And for many women, that means cutting corners and saving extra bucks on hair color.
Two-thirds of women have taken steps to save money on their hair in the last 12 months, with over one-third trying to pinch pennies by going to the salon less often, a study conducted by ShopSmart of Consumer Reports found.
But as anyone of a certain age knows, those gray hairs don't stop sprouting just because you're on a budget.
The good news: Consumer Reports just found that three types of at-home hair color do a fantastic job of fully covering grays, with results that parallel a salon experience that would otherwise cost you upwards of several hundred dollars more per year.
And like many Consumer Reports tests, the experts in the labs created some pretty amazing conditions for their experiment. First, 470 wigs of 90 percent gray human hair were acquired, separated into corresponding product groups and then dyed according to the instructions on countless brown hair dye boxes. Then testers washed the hair with shampoo formulated for color-treated hair and blow dried it a grand total of 16 times in order to create identical conditions to a month's worth of every-other-day washings and stylings - which is how often the average woman refreshes her hair.
We're exhausted just thinking about it.
At the end of seemingly Olympic-level hair testing, four brands stood out from the rest of the crowd: Clairol Texture and Tones ($7), L'Oréal Paris Superior Preference ($9) and the male and female versions of Clairol Natural Instincts ($9). All of the top four products maintained consistent color through the 16 washings and stylings.
Our suggestion? If you rely on hair color mainly to cover grays -- and not for more complicated things like double process or highlighting -- give one of these winners a try; it could lower the cost of your hair color routine significantly.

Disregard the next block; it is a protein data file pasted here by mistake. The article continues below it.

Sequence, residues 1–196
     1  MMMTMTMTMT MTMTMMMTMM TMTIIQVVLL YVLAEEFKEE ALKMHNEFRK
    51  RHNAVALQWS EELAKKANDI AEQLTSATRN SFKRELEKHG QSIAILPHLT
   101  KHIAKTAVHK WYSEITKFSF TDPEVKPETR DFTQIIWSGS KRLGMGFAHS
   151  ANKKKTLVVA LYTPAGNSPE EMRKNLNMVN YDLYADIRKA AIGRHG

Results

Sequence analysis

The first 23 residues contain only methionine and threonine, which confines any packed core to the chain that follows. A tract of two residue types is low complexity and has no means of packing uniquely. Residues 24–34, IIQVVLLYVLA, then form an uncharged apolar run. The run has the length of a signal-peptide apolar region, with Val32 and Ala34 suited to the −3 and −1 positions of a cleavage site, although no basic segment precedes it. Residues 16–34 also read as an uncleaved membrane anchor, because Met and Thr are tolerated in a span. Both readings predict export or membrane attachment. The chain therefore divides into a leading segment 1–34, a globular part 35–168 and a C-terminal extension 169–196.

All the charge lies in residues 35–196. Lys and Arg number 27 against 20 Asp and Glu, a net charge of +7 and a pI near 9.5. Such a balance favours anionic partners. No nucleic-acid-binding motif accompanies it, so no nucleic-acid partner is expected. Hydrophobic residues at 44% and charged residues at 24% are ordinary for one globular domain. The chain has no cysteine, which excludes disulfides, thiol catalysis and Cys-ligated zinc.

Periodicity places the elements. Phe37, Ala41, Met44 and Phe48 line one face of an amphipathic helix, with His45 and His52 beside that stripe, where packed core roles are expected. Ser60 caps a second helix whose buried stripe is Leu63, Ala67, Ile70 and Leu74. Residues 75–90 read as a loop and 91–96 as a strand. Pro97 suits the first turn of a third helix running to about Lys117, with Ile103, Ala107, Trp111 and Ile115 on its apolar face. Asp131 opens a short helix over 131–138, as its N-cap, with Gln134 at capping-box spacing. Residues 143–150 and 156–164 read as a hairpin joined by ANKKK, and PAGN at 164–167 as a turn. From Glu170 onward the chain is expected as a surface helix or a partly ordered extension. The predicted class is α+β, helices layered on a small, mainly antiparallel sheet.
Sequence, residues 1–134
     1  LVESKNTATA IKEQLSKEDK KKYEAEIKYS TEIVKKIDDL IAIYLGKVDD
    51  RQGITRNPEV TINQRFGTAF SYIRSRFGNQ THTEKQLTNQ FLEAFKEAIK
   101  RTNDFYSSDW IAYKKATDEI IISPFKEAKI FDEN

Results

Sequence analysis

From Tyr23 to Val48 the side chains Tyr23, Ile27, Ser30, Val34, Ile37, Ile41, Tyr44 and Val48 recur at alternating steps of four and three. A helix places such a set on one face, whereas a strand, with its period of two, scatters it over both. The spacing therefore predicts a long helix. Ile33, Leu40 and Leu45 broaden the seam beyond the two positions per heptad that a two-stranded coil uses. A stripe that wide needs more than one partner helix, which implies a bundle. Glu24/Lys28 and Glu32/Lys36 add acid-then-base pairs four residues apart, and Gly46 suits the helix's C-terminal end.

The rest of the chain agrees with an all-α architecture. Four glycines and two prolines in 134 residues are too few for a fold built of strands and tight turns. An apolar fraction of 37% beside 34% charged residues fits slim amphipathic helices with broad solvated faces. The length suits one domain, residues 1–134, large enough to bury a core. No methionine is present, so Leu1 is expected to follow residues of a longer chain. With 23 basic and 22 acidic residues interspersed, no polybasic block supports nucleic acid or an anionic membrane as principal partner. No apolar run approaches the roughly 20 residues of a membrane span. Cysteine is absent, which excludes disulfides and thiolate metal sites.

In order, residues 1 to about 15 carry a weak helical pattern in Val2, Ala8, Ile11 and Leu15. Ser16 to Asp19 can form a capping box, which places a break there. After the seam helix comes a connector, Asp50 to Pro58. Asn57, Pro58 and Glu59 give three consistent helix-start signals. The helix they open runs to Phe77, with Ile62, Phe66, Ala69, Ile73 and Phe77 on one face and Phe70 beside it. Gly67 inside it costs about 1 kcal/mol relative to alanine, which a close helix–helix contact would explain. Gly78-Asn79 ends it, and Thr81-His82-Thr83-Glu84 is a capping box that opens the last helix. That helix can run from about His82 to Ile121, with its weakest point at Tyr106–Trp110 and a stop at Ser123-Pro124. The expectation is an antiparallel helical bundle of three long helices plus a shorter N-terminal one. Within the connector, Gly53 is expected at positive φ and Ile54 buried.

If you're a first-timer who is intimidated by coloring your own hair, a few simple rules can help make your DIY job a success.
Check out detailed color swatch sites like those run by Clairol and L'Oréal to help pick your shade, or ask your hair stylist's opinion the next time you pop into the salon. Go with a semi-permanent color for glossy, full-coverage results that you don't need to permanently commit to.
Always patch test a new hair color before applying it all over your head to make sure you're not allergic to any ingredients in the formula. You don't want to suddenly find something like that out after the dye has been sitting on your scalp for 20 minutes.
This may sound so obvious so as to be silly, but read and reread the directions on the box. Many women breeze over the instructions and don't apply the color properly, which can give you lackluster results and end up costing you more, since the color will wash out prematurely. Different brands can have widely different methods, so don't assume you know how to apply the color just because you've colored your hair before.
When applying the hair dye, aim the applicator straight at your scalp and away from easy-to-stain surfaces like the shower curtain, walls and bath mat. Set a timer to make sure you 'cook' long enough; if you don't have a wind-up one, the oven timer works great too.
Finally, if your results don't meet your expectations, find the free hotline number on the box and give the company a ring. A professional adviser may be able to help you quickly and easily remedy the situation.
For more tips on home highlighting kits, take this advice from What Not to Wear's hair expert, Ted Gibson. Simply follow the steps in the gallery below! And if grays have you gloomy, be sure to check out touch-up tips from celeb colorist Jason Backe.
Hair Basics: Highlighting 101
Get salon-worthy color at home with step-by-step tips from star stylist Ted Gibson.